Avoid Giving Your Daughter an Eating Disorder

Studies show that moms with body image issues are more likely to have daughters with eating disorders. Avoid passing on your unhealthy hang-ups.

Instructions

  • TIP: Point out examples of healthy, strong bodies that are also considered attractive.
  • Step 1: Be honest with your daughter if you have body issues that you are having trouble overcoming. Let her know that it's a problem and that you are working on it. Practice awareness and communication to break the cycle of poor body image issues.
  • FACT: A 2009 study found that girls as young as 5 years old are likely to try dieting if their mother has tried dieting.
  • Step 2: Make it clear that you don't agree with the perception that being attractive means being extremely thin, which is often perpetuated by magazines and television.
  • Step 3: Don't focus on appearances. If you're unhappy about your daughter's weight, refrain from passing judgment. Everyone's weight fluctuates due to stress, activity level, hormonal changes, and other factors, so let her go through this phase without undue attention.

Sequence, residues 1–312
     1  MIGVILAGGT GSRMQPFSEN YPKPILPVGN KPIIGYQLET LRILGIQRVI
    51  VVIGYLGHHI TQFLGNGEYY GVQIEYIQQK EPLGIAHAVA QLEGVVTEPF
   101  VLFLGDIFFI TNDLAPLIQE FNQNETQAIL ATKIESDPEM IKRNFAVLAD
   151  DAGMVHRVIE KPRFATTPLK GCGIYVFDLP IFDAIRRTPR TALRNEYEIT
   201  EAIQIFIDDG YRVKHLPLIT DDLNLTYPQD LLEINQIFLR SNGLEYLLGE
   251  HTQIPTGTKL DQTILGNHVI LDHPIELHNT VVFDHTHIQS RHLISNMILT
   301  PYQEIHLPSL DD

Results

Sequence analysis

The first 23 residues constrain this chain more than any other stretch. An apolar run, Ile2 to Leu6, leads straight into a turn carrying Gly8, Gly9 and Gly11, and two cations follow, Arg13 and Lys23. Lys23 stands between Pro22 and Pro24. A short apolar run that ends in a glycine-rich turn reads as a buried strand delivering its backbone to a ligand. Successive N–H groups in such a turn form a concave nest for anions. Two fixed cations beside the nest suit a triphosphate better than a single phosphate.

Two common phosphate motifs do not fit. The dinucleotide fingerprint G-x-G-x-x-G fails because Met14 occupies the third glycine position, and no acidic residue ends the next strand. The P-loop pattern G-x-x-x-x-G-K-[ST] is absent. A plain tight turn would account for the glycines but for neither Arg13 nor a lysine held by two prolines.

• Step 4: Practice self-acceptance where your body is concerned. Instead having your daughter hear you talk about how much you hate your hips, let her see you feeling comfortable and self-assured in just your skivvies.
  • Step 5: Let your daughter know other things you value and like about yourself, such as your generosity or sense of humor. True worth doesn't relate only to how you look.
  • Step 6: Have a healthy attitude toward food. Your kids watch what you eat, and beating yourself up for having a cookie will only teach them to do the same. Explain that food is for energy and sweets are OK in moderation.

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